Thomas West has a new book out on the ideological makeup of the American Founding. The issue has been tackled before by many scholars, including Michael Zuckert whom West challenges. This is Dr. West's new book. Larry Arnhart discusses the book in among other posts here.
This is from Arnhart:
Thomas West recognizes that his account of the American founding as based on the theory of natural rights resembles Michael Zuckert's interpretation of the founding as establishing a "natural rights republic" (Zuckert 1996). And yet West insists that he rejects Zuckert's "amalgam thesis"--the idea that while the theory of natural rights is the primary element in the political thought of the founding, the tradition of natural rights thinking is combined with other traditions--such as civic republicanism, Protestant Christianity, British constitutionalism, and perhaps others--that are in tension with the tradition of natural rights.
In recent decades, West observes, this idea of the political thought of the founding as mixture of different and sometimes conflicting intellectual traditions has become the predominant scholarly consensus, which Zuckert shares with scholars like William Galston, Thomas Pangle, and Paul Rahe. But West complains that this makes the founders appear to be confused or incoherent in their thinking. Against this, he proposes to explain the natural rights theory of the founders as a theoretically coherent understanding of politics without any tension or contradictions.This is an original quote from Zuckert:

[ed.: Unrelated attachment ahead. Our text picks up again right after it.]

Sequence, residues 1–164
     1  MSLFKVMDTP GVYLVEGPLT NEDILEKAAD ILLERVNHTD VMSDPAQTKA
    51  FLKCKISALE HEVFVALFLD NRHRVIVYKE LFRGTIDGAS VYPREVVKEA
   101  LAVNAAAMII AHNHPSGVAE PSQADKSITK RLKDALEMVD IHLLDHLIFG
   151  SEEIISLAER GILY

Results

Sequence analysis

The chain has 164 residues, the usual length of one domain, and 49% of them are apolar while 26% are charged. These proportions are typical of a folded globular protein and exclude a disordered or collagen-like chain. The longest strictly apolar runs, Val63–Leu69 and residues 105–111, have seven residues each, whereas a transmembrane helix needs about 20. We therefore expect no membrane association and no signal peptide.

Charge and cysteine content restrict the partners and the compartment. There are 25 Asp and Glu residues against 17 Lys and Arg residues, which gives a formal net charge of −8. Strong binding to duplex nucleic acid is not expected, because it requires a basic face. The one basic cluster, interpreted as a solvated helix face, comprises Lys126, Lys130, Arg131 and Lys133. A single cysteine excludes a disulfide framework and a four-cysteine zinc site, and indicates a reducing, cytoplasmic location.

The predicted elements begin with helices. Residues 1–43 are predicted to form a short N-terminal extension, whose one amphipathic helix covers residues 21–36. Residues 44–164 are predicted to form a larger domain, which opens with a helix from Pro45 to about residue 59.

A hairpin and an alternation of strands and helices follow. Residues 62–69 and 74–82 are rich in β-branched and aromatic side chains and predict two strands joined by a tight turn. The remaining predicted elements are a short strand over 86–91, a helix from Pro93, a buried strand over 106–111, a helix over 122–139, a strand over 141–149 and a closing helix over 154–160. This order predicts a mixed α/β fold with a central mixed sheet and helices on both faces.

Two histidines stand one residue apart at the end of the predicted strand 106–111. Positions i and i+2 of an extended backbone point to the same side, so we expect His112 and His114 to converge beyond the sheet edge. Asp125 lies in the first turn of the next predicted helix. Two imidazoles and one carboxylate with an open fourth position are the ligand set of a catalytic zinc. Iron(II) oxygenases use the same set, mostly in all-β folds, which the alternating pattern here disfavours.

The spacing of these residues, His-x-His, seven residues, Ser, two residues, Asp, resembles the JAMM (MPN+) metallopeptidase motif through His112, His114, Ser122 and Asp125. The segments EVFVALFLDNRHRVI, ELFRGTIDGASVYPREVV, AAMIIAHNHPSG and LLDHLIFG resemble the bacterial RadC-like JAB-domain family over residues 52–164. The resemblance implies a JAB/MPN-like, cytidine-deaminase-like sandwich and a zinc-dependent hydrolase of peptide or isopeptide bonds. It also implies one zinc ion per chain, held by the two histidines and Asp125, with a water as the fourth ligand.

". . . what made America was the way these four elements--Old Whig constitutionalism, political religion, republicanism, and the natural rights philosophy--come together. The amalgamation that occurred in America was unique in the world, and led America to a unique path of political development and to a particularly tense existence as these four different and, in some dimensions, incompatible elements fell in and out of harmony with each other. In that amalgam, however, the four elements did not all enjoy an equal status; the natural rights philosophy remains America's deepest and so far most abiding commitment, and the others could enter the amalgam only so far as they were compatible, or could be made so, with natural rights. The truly remarkable thing is the demonstrated capacity of the natural rights philosophy to assimilate the other three and hold them all together in a coherent if not always easily subsisting whole" (Zuckert 1996, 95).I'm sympathetic to Zuckert's thesis. Though from what I am familiar with about his work, he may, as per custom for East Coast Straussians, overstate the "esoteric Locke" thesis.